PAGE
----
UBC Reports | Vol.
51 | No. 8 |
Aug. 4, 2005
Campus to Integrate History, Culture, Sustainability
First Nations inspired Gathering Place proposed at entrance
By Ai Lin Choo
Picture standing in a glass-walled atrium surrounded by panoramic snapshots of expansive grassland, pine forest and red brick buildings -- infused with a sense of local history and culture.
This is the vision guiding design principles and planning at UBC’s new Okanagan campus.
As the university gears up to welcome its first class in September and meet projections that will see it triple in size and serve more than 7,500 students by 2010, administrators from both the Vancouver and Okanagan campuses have been working non-stop to put together an ambitious plan that will transform the existing campus into a cultural and sustainable landscape.
“This campus master plan has a rather unusual mandate in that we’re trying to achieve all these goals over the next five years. New buildings and facilities are going to have to be constructed and expand rather quickly in order to cater to our growing student body,” says Aidan Kiernan, UBC Okanagan Associate Vice-President Operations.
The school emerges as one of two new post-secondary institutions in the region. In early July, Okanagan University College (OUC) turned over its grounds to make way for UBC Okanagan at its former North Kelowna campus, and Okanagan College in Kelowna, Penticton, Vernon and Salmon Arm.
The landscape and design plan detail the construction of new research, recreational and cultural facilities at the new university. Kiernan explains that development will build on existing cleared areas of the campus to preserve non-developed pristine land.
New buildings will also feature spectacular views of the Okanagan hillsides, and reflect First Nations’ land use.
“We want people to have no question in their minds that they are in the Okanagan,” he says. “The idea is to bring the outdoors in and create an intimate learning environment for students while establishing a world-class university that is distinctive in academic programs, responsive to the needs of the Okanagan, and yet complementary with UBC Vancouver.”
The campus master plan was developed following extensive consultation with the City of Kelowna, First Nations groups, and student and academic groups in the Okanagan. Its principles are guided by the university’s academic plan (see page 6), which envisions a campus that emphasizes four major research themes - indigenous studies, sustainability, health and wellness and creativity, and culture and community.
Details are now in their final stages, and the plan is expected to go before the UBC Board of Governors for approval late September.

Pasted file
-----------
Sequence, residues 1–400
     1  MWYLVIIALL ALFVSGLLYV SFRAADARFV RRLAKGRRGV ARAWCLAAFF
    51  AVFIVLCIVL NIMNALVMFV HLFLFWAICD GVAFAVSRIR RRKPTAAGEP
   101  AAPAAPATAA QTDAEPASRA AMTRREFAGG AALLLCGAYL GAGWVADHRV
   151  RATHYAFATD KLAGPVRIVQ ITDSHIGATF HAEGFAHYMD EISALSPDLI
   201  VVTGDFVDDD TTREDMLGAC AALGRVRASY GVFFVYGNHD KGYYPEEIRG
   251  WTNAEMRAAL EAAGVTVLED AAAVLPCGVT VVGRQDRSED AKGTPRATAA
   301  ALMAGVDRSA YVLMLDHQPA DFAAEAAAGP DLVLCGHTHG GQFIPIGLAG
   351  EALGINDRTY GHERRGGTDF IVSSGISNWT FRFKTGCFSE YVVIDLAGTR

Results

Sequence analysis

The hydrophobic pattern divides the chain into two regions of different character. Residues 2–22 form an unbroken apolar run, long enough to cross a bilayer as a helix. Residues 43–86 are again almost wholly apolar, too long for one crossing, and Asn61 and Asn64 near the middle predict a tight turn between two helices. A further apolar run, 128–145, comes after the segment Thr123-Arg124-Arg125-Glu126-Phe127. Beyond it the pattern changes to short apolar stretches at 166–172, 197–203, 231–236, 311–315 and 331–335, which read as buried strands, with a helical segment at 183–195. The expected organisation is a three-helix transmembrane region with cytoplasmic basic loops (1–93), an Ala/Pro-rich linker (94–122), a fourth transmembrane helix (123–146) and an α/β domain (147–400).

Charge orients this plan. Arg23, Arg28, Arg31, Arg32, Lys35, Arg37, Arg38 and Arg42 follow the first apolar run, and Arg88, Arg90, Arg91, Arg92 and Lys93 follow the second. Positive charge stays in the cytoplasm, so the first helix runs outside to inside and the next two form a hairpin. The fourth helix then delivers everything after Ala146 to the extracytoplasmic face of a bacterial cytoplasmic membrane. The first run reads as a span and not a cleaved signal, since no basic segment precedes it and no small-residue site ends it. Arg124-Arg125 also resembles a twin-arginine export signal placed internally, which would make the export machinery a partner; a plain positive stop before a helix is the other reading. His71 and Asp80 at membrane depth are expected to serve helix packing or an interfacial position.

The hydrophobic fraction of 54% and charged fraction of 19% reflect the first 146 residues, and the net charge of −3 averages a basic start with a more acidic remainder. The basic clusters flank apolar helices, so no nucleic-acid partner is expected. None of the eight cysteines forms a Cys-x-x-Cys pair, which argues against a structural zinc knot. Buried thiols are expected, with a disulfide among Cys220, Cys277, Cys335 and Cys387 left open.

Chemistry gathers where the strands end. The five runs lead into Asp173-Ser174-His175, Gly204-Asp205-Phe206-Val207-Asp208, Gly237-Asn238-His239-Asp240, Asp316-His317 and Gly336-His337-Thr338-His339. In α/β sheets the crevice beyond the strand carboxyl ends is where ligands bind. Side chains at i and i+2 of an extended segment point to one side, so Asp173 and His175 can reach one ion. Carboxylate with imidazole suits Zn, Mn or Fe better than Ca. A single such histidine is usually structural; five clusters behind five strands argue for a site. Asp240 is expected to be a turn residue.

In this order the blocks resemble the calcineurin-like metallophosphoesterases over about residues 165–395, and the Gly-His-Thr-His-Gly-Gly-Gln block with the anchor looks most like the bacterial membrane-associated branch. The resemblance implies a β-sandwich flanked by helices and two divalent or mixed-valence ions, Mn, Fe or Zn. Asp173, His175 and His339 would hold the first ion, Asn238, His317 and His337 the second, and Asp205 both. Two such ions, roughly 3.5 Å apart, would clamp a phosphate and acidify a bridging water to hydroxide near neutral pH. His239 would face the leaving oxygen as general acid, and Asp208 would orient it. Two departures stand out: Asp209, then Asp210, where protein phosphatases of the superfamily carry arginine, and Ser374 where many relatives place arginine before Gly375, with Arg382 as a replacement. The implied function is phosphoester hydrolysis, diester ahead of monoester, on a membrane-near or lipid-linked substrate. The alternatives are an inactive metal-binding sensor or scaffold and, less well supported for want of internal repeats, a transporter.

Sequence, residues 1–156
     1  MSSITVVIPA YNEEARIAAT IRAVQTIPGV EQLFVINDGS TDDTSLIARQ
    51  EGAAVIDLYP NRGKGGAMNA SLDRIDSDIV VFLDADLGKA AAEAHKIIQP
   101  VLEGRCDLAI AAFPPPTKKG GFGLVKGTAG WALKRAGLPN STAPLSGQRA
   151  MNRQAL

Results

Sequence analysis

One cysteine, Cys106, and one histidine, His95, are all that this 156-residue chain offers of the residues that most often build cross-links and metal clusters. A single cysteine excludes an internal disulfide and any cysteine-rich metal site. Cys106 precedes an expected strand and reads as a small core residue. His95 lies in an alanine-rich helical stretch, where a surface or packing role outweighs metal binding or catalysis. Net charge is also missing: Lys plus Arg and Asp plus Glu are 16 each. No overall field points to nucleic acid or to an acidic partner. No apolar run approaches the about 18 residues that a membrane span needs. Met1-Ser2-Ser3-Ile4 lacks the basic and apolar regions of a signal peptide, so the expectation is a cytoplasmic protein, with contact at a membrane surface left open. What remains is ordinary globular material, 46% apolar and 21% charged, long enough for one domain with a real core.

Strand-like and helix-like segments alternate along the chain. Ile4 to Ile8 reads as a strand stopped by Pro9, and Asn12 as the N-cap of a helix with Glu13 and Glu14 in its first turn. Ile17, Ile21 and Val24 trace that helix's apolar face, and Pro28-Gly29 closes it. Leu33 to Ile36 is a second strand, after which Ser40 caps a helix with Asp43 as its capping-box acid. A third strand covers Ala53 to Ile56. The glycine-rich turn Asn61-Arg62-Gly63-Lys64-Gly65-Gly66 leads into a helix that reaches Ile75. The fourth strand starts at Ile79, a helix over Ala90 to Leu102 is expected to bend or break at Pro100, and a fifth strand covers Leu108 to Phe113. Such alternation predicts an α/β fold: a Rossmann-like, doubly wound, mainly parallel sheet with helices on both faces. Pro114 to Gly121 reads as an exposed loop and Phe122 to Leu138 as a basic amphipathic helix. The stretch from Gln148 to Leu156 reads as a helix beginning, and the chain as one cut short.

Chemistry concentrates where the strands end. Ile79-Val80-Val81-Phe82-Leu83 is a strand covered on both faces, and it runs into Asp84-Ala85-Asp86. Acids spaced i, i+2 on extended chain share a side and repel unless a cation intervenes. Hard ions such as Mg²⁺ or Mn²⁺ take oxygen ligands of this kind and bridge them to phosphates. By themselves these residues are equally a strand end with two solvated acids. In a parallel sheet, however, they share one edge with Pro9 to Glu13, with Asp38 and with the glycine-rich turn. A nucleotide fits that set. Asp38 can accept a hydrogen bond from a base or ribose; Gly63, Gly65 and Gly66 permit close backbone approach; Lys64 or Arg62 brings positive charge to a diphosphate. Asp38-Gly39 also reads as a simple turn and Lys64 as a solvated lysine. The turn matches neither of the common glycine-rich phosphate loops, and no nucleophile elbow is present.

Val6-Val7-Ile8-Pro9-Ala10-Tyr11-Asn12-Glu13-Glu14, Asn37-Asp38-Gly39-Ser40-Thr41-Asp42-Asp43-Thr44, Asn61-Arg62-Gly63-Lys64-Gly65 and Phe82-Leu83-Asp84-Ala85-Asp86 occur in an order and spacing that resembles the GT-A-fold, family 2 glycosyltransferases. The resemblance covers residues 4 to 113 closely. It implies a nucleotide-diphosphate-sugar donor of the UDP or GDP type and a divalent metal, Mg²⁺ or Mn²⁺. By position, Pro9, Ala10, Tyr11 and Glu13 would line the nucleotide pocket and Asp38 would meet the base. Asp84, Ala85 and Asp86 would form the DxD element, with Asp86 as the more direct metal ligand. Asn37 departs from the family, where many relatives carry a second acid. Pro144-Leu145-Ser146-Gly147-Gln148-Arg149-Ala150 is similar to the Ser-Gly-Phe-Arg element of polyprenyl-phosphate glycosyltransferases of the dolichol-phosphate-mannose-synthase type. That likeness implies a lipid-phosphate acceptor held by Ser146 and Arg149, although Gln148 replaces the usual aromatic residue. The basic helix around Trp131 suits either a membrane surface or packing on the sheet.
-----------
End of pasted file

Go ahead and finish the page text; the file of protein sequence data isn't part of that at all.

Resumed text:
The first proposed feature that visitors will see as they pass through the main gates is a circular, open-air structure called the Gathering Place, says Marta Farevaag of Vancouver-based Phillips Farevaag Smallenberg, the primary consulting firm on the project.
The idea for a Gathering Place arose out of consultation with First Nations groups as a way of reflecting traditional Okanagan Nation symbols such as the circle.
The large structure, which will be available for special events and student use, is a huge opportunity for a greater understanding of indigenous cultures and peoples, says Westbank First Nations Chief Robert Louie.
“That’s missing right now in the valley,” he says. “We are anticipating it will become a focal point. Access to education about our culture is extremely important. It’s important for people to know about the land and how we came to have a society here.”
In July 2004, the Board of Governors approved an approximate $20 million construction plan, funded by the B.C. government to expand OUC’s research and learning facilities. Expansion to existing arts and science buildings will be completed before the school’s first cohort arrives this September, and construction of two new 180-bed residences has already begun.
Additionally, the new campus will rely on geothermal sources to heat and cool the campus, and optimize solar opportunities and natural ventilation.
Buildings will also be LEED certified - a rating system that evaluates buildings that incorporate design, construction and operations to reduce environmental impact in categories such as transit access, water efficiency, energy efficiency, resource efficiency and indoor environmental quality.
“The idea is to create a showpiece of urban sustainability,” says Farevaag. “The Okanagan landscape has become stressed and fragile over the years. What we found important was to create a cohesive campus that would have a sense of place, while ensuring development is compact and engaging.”
Farevaag’s award winning planning, urban design and landscape architectural firm has been working in the Okanagan for many years, and recently won a nation-wide competition to design and construct a memorial in honour of Canada’s military veterans on the grounds of the Ontario Legislature.
Kiernan says the main goal of the plan is to establish a student-oriented campus that will build on the existing community and create a distinctive feel and sense of belonging.
“Ultimately, what we’re trying to accomplish is a campus that attracts people from all over the world, that encourages people to live on campus, and that offers the kinds of campus experiences that make for a world-class university,” says Kiernan.
“What we’re saying is that if you want to strive for excellence, you have to provide an environment that embodies excellence as well.”